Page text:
5. Walking the talk in training future…www.ijceronline.com ||May ||2013|| Page 67multiculturalism that believes that by allowing students to share their ways of doing mathematics and drivingthem to do it the mainstream way which is the American way in this case. Allowing students to share theirdiverse ways of doing mathematics algorithm stood alone with no follow ups. However, the American way ofdoing the algorithm was the one given more attention.Again the rich question about (testing?) culture in schools is not addressed in this class. In US schools,teachers find themselves teaching for the test because of the pressures put on them when learners do badly onState tests (Feza, 2013). This is another opportunity that went unattended as some students might have come upwith ideas on how to manage tests and continue having effective instruction. So the possibilities were endlessbut we’ll never know because this teacher trainer did not follow up these opportunities. Kitchen (2005)hypothesizes three contributions that guide effective multicultural teaching. Those contributions are: “Creating arespectful and trusting community of learners, contributions of diverse cultures to mathematics, and consideringstudents’ cultures in the mathematics classroom” (p.41 & 42). Kitchen (2005) states that teacher educators needto model multicultural teaching when preparing teachers for their career. Another example was on use ofmathematical terminology on shapes lesson when international students were calling an American trapezoid“trapezium”. The instructor’s response to this was “I will stick with American way and call it, trapezoid”. Whenone student asked her why should teachers teach different approaches in solving problems? Why can’t theyallow learners to bring their own?” The instructor’s response was “Some schools use everyday math especiallywell off schools, therefore teachers have to teach those approaches”. This is contradictory to what the courseaim to achieve. However, it is an indication of how important mainstream practices are. This practice continuesto exclude minority students in active participation and construction of meaning as well as it will excludeminority children in their prospective classrooms. Although, there has been a lot of literature that advocates forcultural relevant mathematics education Grant and Sleeter (2004) state that theoretical framework ofmulticultural pedagogy vary for different instructors and influence their practices. The “assimilationistsociological accounts” Gorski (2009) still influence this classroom as students have to do things the dominantAmerican way, divide the dominant American way and use the dominant American vocabulary as the instructorproposed. The melting pot theory still rules this classroom as it Americanizes all students regardless of theirbackgrounds.Class 2This class consisted of nine Caucasian students that were six males and three females. It was a methodscourse for teaching mathematics in grades five to twelve. The main course objective is “to prepare students withsolid mathematics pedagogical knowledge to be middle school and high school mathematics teachers”. Thesuccess of this course is continuously assessed when students become more knowledgeable of and experiencedin the techniques of teaching mathematics; realize the responsibility and workload that a teacher carries; relatenational and state standards to mathematics curriculum; be aware of resources for mathematics teachers;determine a theoretical base for their personal mathematics instruction ( p.5).This class is characterized bystudent participation and an instructor who works as a co-learner most of the time. On both observations thelearning is led by students who are dressed formally presenting well prepared lessons with relevantmanipulatives. Students sit in an oblong shape facing the presenter and discussing their work in pairs. Anexample of the day to day instruction of this class, two students presented one male and one female.The first presentation was conducted by the male students who handed out worksheets to students.Then he demonstrated his instructions using an overhead worksheet. The objective of the lesson was “tovisualize and compare different slopes using multiplication tables” for grade 7-8 learners. He demonstratedusing an 8 times table then asked students to create their own tables and graph them. Then they filled in theworksheet formulating their own equations. They swapped their work and marked each other. Those who scoredhigh marks received candies. Then he gave out another assessment activity and those students who scored highmarks again received candy. Unfortunately one group scored high marks on both occasions and then the teachergave others consolation prizes of candies for their attempt. At the end of this lesson all students including theinstructor took evaluation forms and assessed the presentation. The presenter had to evaluate himself too duringthe evaluation moment.The second presentation was conducted by a female student on Conjunction and Disjunction(mathematics logic). She started by introducing meanings of the terminology used in the lesson and handed outnotes with examples. In her notes Conjunction was described as the use of the word “AND” in combining twosimple sentences to form a compound sentence. A symbol “^” read as “and”. An example she gave states that“P: Arthur reads the newspaper. Q:Patty went to the store. A compound sentence would be Arthur reads thenewspaper AND Patty went to the store. In a symbolic manner it is written as P^Q”. Describing Disjunction she
6. Walking the talk in training future…www.ijceronline.com ||May ||2013|| Page 68stated that “it is when the word OR (symbol v) is used to combine two simple sentences to form a compoundstatement”. Her example was “P: Ronald plays basketball. Q: The park is closed. Then the compound sentencewill be PvQ: Ronald plays basketball OR the park is closed”. She then gave students statements to determinewhether they are conjunction or disjunction, or neither. She asked them to work in pairs. Her presentation wasdevelopmental because after she allowed students to practice their understanding of Conjunction andDisjunction she developed truth tables with them. She asked them to use the truth tables to complete worksheetsshe handed out. Students showed lots of enthusiasm during this session and actively participated throughout.Students evaluated the lesson and then the instructor took over by revisiting the plan for the day. Both examplesabove show the mainstream practices of a classroom that is monocultural because of the type of studentrepresentation. Also the presentations did not indicate any need to go beyond the audience and think aboutdiverse students.Students had readings from the book “Secondary Classroom Management by Carol Simon Weistein”pages 1-124 that consists of chapters one to six. Written in a dynamic, likeable, colloquial style, it pools whatresearch has to say about effective classroom management with knowledge picked from practice. Thismanuscript centers on real decisions made by real teachers as they manage the multifaceted environment of thesecondary classroom. The manuscript assimilates the rational and the concrete management practices of five realsecondary school teachers into debates of research-based management principles.The instructor asked students to respond to her question that asked” Which teacher do they relate to thebest? Why? Students responded that they were not happy with Carmen Sanchez class because it was notstructured and she had little time for hands on work. Then the instructor referred the students back to the readingconcerning Carmen Sanchez limitations on doing hands on work in her classroom. Students admired FredCerequas (social studies teacher) “because he keeps up with current issues and is young at heart. He is alsospontaneous and knows how to jump in and improvise all the time”. However, students acknowledge that hiskind of attitude needs experience and wisdom that develops with experience and therefore prefer Sandy’sapproach that will work for some students. Each student was allowed to discuss his/her choice and support it.Then a general discussion on when to be strict emerged. Students reached a consensus on not to start in arelaxed mode to being strict because it causes chaos. They agreed that starting strict and loosening up little bylittle works better. They also agreed in using (p.73) model of teacher behavior and (p.53) principles for planningclassroom rules. Westein (1996) exposes pre-service teachers to the diversity experienced by teachers in avariety of schools. The stories shared by individual teachers give a rich theory to upcoming teachers. In thisactivity teachers are allowed to make their choices according to their own teaching styles and beliefs, a goodplace to start in introducing change. Their comments reveal that they are aware of their limitations and strengthsand therefore choose teachers that are close to them inexperience and aim to reach wisdom through theirexperiences.Another example was when I arrived ten minutes before the beginning of the class. All students andtheir instructor were already in class. They have already organized the room to suite their presentations and theirmaterials. The class started like the other classes with a slide that guided the day’s plan. The two presenters hada sound knowledge of their mathematics. They used manipulatives to build mathematical understanding. Theyall promoted active participation and construction of meaning. In the first presentation one of the studentscommented after completing and solving a problem and said “it was like a magic when I solved the problem”.The other students felt it was easy while the third group was surprised by the graph they used in solving theproblem. In the second lesson the student managed to capture students’ interest using tessellation of shapes inteaching geometry. Students were proud of their constructions and patterns they designed. Success, pride,esteem and high expectation compel the climate of this class. The three contributions that are suggested byKitchen (2005) are practiced in this classroom. Students’ ideas are respected and heard. Knowledge is sociallyconstructed (Vygotsky, 1978) and different learning styles areexplored a weakness in this case. In general twoNCTM (2000) principles guided instruction in this class. The equityand teaching principles together proposestrong support for all children and understanding ofstudents’ knowledge with high expectations.V. DISCUSSIONDiverse classrooms are growing with time and therefore mathematics teacher education has to facethe challenge. Class 1 confirms the claim made by MacNaughton and Hughes (2007) that mathematics teachereducation continues to encourage the dominant form of training teachers with no success to endorse respect fordiversity. The instructor is influenced by the conservative multiculutural theory of acculturating minorities to themainstream ideologies and practices. Already the voices of student teachers in this class are deafened therefore;have to be changed to the dominant way of knowing (Jenkins et al., 2006). The relationship developed by thiskind of instruction is authoritarian relationship that continues to marginalise minorities. On the other hand the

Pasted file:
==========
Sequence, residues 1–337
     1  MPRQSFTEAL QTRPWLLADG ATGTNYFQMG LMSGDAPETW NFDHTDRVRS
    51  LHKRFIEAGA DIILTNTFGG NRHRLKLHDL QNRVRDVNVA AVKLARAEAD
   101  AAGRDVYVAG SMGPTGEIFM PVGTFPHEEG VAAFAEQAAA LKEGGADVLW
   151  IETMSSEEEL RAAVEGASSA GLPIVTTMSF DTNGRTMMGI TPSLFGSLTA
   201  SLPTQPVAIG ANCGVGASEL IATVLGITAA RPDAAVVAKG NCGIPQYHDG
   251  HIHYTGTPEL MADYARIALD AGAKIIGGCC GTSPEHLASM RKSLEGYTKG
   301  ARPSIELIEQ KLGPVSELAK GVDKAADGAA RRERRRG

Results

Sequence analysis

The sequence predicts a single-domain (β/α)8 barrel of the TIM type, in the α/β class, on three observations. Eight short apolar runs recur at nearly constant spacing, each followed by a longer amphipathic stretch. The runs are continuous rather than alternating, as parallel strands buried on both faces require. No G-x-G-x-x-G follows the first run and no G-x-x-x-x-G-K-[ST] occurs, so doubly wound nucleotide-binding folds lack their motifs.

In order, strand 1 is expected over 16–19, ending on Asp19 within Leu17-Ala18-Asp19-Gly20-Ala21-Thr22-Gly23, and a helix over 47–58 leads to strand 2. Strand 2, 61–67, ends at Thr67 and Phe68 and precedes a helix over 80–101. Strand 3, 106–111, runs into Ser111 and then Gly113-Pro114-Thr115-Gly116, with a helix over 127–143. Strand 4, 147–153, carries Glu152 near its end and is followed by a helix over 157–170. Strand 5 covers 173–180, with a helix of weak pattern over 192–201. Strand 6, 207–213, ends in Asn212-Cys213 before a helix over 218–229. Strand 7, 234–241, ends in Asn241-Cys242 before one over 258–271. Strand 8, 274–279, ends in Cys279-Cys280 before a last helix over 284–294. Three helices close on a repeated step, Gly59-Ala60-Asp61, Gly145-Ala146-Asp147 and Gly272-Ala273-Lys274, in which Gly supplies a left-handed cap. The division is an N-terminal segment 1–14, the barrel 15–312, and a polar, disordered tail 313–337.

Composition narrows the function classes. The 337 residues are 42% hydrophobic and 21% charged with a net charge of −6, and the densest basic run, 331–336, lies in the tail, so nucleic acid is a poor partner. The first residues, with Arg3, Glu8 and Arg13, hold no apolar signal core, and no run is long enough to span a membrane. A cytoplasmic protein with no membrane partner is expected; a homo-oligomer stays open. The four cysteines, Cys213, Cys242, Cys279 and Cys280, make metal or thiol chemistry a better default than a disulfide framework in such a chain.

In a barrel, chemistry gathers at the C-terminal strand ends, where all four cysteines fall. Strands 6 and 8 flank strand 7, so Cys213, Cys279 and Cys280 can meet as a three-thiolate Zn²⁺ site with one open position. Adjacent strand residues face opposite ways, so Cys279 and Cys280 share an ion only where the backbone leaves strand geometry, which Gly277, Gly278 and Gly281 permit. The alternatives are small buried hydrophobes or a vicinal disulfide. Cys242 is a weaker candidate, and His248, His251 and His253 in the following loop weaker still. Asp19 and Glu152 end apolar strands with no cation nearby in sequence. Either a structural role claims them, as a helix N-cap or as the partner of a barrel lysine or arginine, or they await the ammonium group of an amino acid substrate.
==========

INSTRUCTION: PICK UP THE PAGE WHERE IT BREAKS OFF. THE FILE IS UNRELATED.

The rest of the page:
7. Walking the talk in training future…www.ijceronline.com ||May ||2013|| Page 69syllabus and materials used in this class embrace diversity. They fall short in proposing a rigorous plan on theimplementation of a cultural relevant pedagogy.Class 2 portrayed dynamic relationships between the instructor and students. Roles were sharedamongst class participants. Students became instructors more often, and the instructor became a co-learner. Co-operative learning dominated this classroom practice and students’ ideas were valued. The instruction in thisclassroom models a healthy platform to integrate a culturally affirming instruction. The relationships are ofmutual respect, trust and caring nature. However, curriculum does not cater for multiculturalism combined withthe instruction but the text used embraces diversity and expose student teachers to the diverse experiencesteaching holds. Therefore the syllabus and instruction employ a monocultural environment while the text bringsin liberal multiculturalism.In summarizing Class 2 practices multicultural education here is treated as the “other” not the part ofthe whole process of learning (Gorski, 2009). These findings indicate that both classes embraced the dominantculture in their practices. The difference between the two classrooms was the relationships amongst teachertrainers and student teachers. Class1 indicated an authoritative relationship while class 2 indicated a respectful,dynamic kind of relationship. Both classes acknowledge diversity but lack rigorous approach towards educatingfor justice.VI. CONCLUSIONHaving been informed by most studies that diversity is the globally increasing, the ill preparation ofteachers for the diverse mathematics classroom will cost education money, time and pride (Wiest, 2001).Voicesof the minority societies are becoming louder and therefore teachers who have not acquired appropriateknowledge, skills, and attitude to teach from a mathematics multicultural perspective (Wiest, 2001). This willnot only challenge teachers but colleges that train teachers need to reflect on their practices whether they arefuture oriented or stagnant. College reputations will be at stake. Mathematics is a controlling filter as it functionsas a requirement to many fields of study, who has this power determines the future (Herzig, 2005). Therefore, itshould be the priority of teacher education to allow access to learning of mathematics. Diversity enhances theacademic environment of learning hence other ways of knowing become crucial elements of this environment toenrich it further. Diversity in an economic obligation and ignoring it has been proven to be costly to thosesocieties (Herzig, 2005). The findings of this study reveal that the “otherness” of diverse ways of knowingmathematics continues to be the case in mathematics teacher education regardless of all efforts and literature outthere. Therefore, public debate on teacher education should be on creating new ways of preparing mathematicsteachers for a diverse society. Reforming the old ways continue to produce mediocre mathematics performanceand practices.REFERENCES Austin, J. L. &Howson, A. G. (1979).Language and mathematical education. Educational Studies in Mathematics, 10, 161-197. Banks, J, (2004a). Multicultural education: characteristics and goals. In J. Banks, & C. Banks (Eds). 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